Tamirat Tola sets NYC Marathon course record, wins men’s race; Hellen Obiri takes the women’s title

NEW YORK (AP) — Tamirat Tola of Ethiopia set a course record Sunday, winning the men’s race at the New York City Marathon, while Hellen Obiri of Kenya pulled away in the final 400 meters the women’s title.

Tola finished the race in 2 hours, 4 minutes and 58 seconds, beating the time of 2:05.06 set by Geoffrey Mutai in 2011. Tola pulled away from compatriot Jemal Yimer as the pair headed toward Bronx Manhattan at mile 20, a mile later he was 19 seconds ahead and chasing Mutai’s mark.

While the men’s race was already decided before the last few miles, the women’s race came down to the finish line. Obiri, Letesenbet Gidey from Ethiopia and Defending champion Sharon Lokedi everyone ran together and exchanged leadership. Obiri made a move as the trio walked the final half-mile back into Central Park, finishing in 2:27.23. Gidey finished second, 6 seconds behind.

Lokedi was 10 seconds behind Obiri, who won the Boston Marathon in April.

It was a stellar women’s field that was expected to potentially break Margaret Okayo’s 2003 course record of 2:22:31. Unlike last year, when the weather was unseasonably warm with temperatures in the 70s, Sunday’s race was much cooler – in the 50s – ideal conditions for record times.

Instead, the women fought a tactical race with eleven runners, including Americans Kellyn Taylor and Molly Huddle in the lead group for the first 20 miles. Taylor and Huddle both led the group in points before falling back to finish eighth and ninth.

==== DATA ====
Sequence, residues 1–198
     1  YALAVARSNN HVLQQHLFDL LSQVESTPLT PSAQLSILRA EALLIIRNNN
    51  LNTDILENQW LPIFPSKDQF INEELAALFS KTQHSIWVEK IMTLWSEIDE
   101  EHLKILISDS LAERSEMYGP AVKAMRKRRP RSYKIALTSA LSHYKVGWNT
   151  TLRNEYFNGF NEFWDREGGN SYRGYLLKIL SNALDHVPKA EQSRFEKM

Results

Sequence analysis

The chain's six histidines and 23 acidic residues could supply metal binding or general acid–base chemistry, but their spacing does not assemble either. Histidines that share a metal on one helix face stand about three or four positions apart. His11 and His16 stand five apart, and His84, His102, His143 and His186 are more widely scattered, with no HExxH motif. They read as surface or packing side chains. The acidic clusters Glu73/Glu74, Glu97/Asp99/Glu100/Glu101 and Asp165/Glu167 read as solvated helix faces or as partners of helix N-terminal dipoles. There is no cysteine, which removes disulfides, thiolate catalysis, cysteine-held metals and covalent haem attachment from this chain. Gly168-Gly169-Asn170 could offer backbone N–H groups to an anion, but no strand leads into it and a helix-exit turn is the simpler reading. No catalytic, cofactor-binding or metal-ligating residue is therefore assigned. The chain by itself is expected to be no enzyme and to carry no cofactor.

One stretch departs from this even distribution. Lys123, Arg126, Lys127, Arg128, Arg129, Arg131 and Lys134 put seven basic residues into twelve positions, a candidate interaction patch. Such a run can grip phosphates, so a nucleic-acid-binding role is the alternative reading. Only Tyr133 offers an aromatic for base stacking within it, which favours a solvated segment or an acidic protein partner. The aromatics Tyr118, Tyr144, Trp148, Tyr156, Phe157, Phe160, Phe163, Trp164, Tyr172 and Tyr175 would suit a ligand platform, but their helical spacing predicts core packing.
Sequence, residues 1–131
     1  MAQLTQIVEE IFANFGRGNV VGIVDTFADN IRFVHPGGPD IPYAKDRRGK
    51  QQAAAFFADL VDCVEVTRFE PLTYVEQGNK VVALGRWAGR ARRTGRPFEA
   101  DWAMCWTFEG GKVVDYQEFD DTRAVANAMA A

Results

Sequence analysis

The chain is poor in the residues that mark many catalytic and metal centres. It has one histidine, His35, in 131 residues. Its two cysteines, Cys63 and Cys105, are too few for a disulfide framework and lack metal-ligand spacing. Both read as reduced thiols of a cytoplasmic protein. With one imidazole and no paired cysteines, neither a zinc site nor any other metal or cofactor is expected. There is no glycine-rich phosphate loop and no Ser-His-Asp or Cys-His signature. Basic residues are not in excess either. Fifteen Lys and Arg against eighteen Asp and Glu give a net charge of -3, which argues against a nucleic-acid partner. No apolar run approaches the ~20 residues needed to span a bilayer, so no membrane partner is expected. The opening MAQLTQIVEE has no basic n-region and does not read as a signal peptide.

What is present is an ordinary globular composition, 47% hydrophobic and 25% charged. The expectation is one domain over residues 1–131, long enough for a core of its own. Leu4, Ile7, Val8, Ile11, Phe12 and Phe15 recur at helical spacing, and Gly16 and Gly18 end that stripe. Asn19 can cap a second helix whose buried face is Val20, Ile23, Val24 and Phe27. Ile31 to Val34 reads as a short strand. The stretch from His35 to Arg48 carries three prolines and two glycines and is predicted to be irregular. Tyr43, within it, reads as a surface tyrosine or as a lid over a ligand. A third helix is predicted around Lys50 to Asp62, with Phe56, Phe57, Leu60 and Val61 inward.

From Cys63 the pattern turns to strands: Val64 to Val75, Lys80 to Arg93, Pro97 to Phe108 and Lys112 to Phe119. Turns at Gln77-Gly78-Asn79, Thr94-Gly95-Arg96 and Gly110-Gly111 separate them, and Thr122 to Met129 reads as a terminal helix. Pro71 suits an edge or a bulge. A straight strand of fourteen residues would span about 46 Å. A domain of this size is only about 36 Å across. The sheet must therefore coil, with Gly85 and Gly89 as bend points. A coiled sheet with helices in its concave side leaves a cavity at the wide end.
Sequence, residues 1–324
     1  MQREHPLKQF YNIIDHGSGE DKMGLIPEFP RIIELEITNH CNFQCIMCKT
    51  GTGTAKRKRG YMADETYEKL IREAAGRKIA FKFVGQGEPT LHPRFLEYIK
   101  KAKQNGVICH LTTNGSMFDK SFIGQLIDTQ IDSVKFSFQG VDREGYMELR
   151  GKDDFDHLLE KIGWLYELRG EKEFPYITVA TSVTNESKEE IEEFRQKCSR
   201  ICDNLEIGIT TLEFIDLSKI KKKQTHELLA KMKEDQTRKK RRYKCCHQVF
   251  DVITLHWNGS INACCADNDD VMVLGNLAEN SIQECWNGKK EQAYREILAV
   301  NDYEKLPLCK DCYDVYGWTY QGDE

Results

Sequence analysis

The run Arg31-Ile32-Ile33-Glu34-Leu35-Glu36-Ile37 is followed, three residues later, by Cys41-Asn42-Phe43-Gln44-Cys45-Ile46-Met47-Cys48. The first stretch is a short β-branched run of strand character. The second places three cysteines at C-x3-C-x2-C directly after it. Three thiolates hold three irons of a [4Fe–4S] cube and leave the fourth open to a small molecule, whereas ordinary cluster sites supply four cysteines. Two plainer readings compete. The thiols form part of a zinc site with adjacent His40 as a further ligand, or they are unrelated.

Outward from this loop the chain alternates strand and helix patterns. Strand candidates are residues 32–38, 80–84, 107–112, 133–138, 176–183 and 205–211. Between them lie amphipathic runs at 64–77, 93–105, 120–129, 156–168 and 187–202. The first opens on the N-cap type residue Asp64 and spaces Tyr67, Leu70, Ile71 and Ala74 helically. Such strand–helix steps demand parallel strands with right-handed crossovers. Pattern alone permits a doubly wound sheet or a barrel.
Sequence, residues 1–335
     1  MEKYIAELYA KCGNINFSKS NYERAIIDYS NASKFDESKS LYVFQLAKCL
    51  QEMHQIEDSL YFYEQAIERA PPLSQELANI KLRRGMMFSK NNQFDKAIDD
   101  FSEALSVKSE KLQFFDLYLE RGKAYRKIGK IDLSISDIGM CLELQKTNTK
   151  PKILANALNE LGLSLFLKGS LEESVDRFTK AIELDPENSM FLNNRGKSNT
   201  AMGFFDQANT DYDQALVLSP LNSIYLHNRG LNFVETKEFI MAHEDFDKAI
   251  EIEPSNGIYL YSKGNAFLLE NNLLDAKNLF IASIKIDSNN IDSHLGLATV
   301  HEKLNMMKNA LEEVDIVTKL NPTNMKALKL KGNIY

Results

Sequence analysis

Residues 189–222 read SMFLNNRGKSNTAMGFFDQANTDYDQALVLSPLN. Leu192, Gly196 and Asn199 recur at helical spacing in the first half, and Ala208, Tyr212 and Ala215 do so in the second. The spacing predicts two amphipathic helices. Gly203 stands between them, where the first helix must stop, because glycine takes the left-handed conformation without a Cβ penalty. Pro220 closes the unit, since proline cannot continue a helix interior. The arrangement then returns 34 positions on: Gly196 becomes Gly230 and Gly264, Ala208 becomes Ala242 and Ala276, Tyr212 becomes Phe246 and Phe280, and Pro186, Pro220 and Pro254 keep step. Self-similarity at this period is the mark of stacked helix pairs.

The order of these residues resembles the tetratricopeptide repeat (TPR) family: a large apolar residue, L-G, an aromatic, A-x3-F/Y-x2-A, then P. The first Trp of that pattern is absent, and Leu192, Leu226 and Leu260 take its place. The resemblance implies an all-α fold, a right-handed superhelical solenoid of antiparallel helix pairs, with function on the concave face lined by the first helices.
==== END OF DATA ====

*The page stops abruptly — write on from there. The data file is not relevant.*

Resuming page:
As the lead group returned to Manhattan for the final few miles, Obiri, Gidey and Lokedi set the pace.

As the trio entered Central Park, they further distanced themselves from Kenya’s Brigid Kosgei, who finished fourth.

The men’s and women’s winners were only a few minutes apart. About an hour earlier, Marcel Hug won the men’s wheelchair race, falling a few seconds short of his own course record with a time of 1:25.29. It was the Swiss star’s record-breaking sixth victory at the NYC Marathon.

“It’s unbelievable. I think it takes some time to realize what happened,” Hug said. “I’m so happy too.”

He is the event’s most decorated wheelchair racing champion, breaking Tatyana McFadden and Kurt Fearnley for the most wins in the division in the event’s history.

Catherine Debrunner of Switzerland won her debut in New York, breaking the course record in the women’s wheelchair race. She finished the race with a time of 1:39.32, beating the previous mark held by American Susannah Scaroni by more than three minutes.

“It’s difficult to describe it in words. I said to my coach if I win this race it will be the best performance I have ever done,” she said. “I knew it was the hardest marathon of all. It was the first time. I knew it was going to be so hard.”

Debrunner and Tola both received a $50,000 bonus for beating previous course records.

Brian Ashcraft

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